Juvenile Files Still a Sticking Point

City and Defense Attorneys at Odds Over Gang Injunction Evidence

The city and defense attorneys are still at odds over what juvenile information will be allowed as evidence during a trial in which Judge Colleen Sterne will decide whether the city’s proposed gang injunction should go into effect. The injunction was proposed earlier this year by city officials, a civil complaint that specifically names 30 alleged gang members whom they call the “baddest of the bad.” The injunction — which also names the Eastside and Westside gangs — would set up safety zones on both sides of the city where gang members wouldn’t be allowed to congregate. Certain prohibitions would also limit the clothing alleged gang members could wear and keep them away from the waterfront during the Fourth of July.

City attorneys have dished out their evidence — which includes a 450-page declaration from a gang investigator — to defense attorneys, evidence that they will use to try to prove a gang injunction is warranted. But according to defense attorney Stephen Dunkle on Monday, the evidence the city has submitted includes “all sorts of information that properly would be considered part of a juvenile court file” and thus is confidential and not usable in court. He asked Sterne to have the information removed. At least a couple of the defense attorneys, after hearing what information was contained in the three compact discs’ worth of evidence, didn’t even look at the evidence so as to not violate state code. But Chief Assistant District Attorney Hilary Dozer said there were two different concepts with two different standards. Authorities weren’t using information pulled from actual juvenile court files, he said, but information provided by police files and contacts, which would be allowed. Sterne urged the two sides to try to get on the same page.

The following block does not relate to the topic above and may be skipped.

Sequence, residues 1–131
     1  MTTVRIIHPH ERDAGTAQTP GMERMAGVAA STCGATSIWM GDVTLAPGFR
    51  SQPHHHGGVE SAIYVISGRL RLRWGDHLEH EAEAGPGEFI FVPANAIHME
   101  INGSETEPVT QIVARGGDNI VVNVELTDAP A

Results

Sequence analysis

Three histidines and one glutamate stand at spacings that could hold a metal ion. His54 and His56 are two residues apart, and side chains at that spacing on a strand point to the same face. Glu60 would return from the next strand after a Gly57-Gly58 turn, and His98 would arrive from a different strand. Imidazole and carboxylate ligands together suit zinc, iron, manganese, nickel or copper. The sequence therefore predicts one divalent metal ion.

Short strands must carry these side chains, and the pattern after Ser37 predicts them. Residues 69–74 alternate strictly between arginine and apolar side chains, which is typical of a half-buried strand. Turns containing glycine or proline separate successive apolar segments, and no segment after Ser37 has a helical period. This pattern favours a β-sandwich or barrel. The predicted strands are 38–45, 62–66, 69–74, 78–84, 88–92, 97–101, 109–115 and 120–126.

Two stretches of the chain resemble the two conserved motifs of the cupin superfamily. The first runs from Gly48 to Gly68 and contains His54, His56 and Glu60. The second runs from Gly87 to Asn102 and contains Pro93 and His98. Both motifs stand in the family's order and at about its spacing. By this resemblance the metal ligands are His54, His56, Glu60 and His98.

The matter will be back in court on January 23, 2012, at which time the court will hear objections to the city’s pleadings by at least two of the named defendants and perhaps further discussion regarding the dissemination of juvenile information. But even with work to be done, it appears the case is still on schedule to head to trial in mid March. “There really should be no reason for delay,” Sterne said.

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